Posted by: johnhourihan | October 3, 2012

Of disconnect and the quiet riot


When Republicans dredge up a five year old video tape of Barrack Obama speaking of a “disconnect” between the poor and  those in charge during the devastation of Katrina,
it occurs tome that I can’t count how many times I’ve heard the same bootless question asked whenever some horrid or violent occurrence goes unimpeded and unpunished in the poorer districts of one of our cities.
One side is now asking if this is some race-based shortcoming in the person bringing up the idea of “quiet riots.” In this case the president.
The other side says it is a day late and a dollar short, and if the Republicans thought it was important for the American people, they should have used it in the last election since it is old news.
I ask the real question, “Where were the police?”
We always ask that. We know it isn’t fair, but it makes us feel better to ask.
After some soul searching, I think I know the answer. It has to do with the night Slats got arrested for murder.
The Greek’s diner was across Route 140 from where I was hanging out. It was a back-road, two-lane highway through a map dot in Southern Massachusetts.
We could see its neon glow from the darker parking lot 30 yards away where we barely-teens converged after CYC record hops. The older crowd coming from Lakeview’s live bands would drive hot-rods and family cars into Teddy’s later. We knew the players, and we watched them like a soap opera. They would all be coming tonight — The Gravedigger, the O’Brien brothers, Billy Smith, Genovese the Dancer and Slats Connick.
It was Slats who showed up first in his drop-top ‘50 Ford flat-head, flat black racer. We had been told that he even had a suicide knob of a naked woman.
He wasn’t so cool, but he was big.
I lit a Lucky and watched as he stepped from his car. He was where 50’s stereotypes come from: Combat boots, dungarees, garrison belt, white T-shirt and jet black oiled hair.
He stepped out of his car.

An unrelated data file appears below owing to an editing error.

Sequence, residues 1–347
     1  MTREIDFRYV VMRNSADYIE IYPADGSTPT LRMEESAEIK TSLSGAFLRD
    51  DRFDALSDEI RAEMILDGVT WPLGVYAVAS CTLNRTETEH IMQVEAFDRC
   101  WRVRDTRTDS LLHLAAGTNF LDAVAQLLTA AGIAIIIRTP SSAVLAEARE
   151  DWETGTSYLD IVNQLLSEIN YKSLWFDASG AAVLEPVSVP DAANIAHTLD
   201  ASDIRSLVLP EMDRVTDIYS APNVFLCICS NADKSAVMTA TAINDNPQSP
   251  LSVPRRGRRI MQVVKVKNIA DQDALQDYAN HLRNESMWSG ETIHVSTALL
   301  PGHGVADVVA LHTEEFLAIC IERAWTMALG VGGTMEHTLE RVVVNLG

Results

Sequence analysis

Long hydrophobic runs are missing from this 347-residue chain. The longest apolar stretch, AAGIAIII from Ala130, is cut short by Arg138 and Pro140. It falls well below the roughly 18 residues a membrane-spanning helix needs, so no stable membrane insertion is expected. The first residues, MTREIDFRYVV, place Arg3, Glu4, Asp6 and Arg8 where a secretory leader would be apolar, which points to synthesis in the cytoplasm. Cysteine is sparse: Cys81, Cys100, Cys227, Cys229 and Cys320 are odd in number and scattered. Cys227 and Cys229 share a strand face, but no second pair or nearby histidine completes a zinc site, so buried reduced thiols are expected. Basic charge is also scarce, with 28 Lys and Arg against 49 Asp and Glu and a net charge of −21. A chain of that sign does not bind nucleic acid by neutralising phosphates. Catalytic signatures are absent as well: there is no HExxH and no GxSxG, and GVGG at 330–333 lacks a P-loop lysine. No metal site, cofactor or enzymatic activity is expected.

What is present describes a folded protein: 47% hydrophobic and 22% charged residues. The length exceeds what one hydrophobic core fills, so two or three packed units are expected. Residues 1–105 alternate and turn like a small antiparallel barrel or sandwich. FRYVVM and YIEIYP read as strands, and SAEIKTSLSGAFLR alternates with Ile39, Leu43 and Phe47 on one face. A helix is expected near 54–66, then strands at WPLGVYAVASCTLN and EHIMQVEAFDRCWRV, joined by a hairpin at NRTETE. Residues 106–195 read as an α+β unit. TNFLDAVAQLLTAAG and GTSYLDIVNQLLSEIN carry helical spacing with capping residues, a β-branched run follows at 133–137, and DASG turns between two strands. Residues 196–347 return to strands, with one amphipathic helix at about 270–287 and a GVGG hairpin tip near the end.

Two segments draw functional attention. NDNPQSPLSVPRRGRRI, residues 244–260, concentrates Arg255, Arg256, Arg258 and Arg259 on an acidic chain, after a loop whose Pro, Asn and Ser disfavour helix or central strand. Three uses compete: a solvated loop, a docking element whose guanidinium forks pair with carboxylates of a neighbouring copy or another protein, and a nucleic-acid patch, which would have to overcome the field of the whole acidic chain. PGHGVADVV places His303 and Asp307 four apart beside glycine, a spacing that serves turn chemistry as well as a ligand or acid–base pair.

“Hey, what’s he carrying?”
He looked directly across at me, cocked the shotgun, turned, kicked his car door shut and knelt down.
Then he leaned forward and lay prone beside his car for a few seconds. He flicked the cigarette off into the night and slid under the car.
Boys like Slats were our heroes, so we never even thought of calling a cop.
I don’t know which side came to the conclusion first, but cops and us had very little use for each other. We were disconnected.
We laughed at them and treated them pretty shabby, and, in turn, they didn’t listen to us and sometimes slapped us around for hardly nothing. They probably wouldn’t have come if we called, I thought later.
We watched as traffic thickened, telling us Lakeview had emptied.
As Dancer’s bull-nosed, chopped and decked, flat green Merc with the cruiser skirts and hood scoop, pulled into the Teddy’s parking lot, his lights swung around and landed directly on Slats laying under his car.
There was a blast, and the Merc’s windshield shattered.
Most of the guys in our lot ran, but I stood a while longer. The cops wouldn’t be here for a while and I wanted to see more.
Across the road to the right was Slats climbing out from under his car. A whiff of gunpowder blew by me as I looked to the left to Dancer’s Merc.
Slats emptied the second barrel into the now open windshield from a standing position.
I could see through the side window into Dancer’s front seat.
Slats dropped the gun and just stood there. His mouth open, eyes wide, beer gut hanging over his garrison belt — a standing slump.
To this day I don’t believe Slats knew his own little sister was in the front seat of Dancer’s Merc.
Dancer died that night. Slats’ sister died a few days later.
They came and arrested Slats. He did more than 20 years.
No one talked to the cops, and I don’t think the cops cared all that much.
Over breakfast, I told the story and my mother asked, “Where were the police?”
I still wonder why none of us called them.
I guess there are just some groups who have little use for each other, that between those groups there is a disconnect, and in the interim between a disaster and the arrival of help there is a quiet riot.
Or maybe that has changed.
Maybe not.
Maybe that disconnect between the poor and those in charge still exists. It sure seemed that way in the aftermath of Katrina. It sure seemed to me, at the time, that Mr. Obama was just telling the truth. I guess that’s why the Republicans didn’t use it in the last election. I guess if it was used that close in time to the truth we would all remember that it was the truth.

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Responses

  1. I do believe your right.


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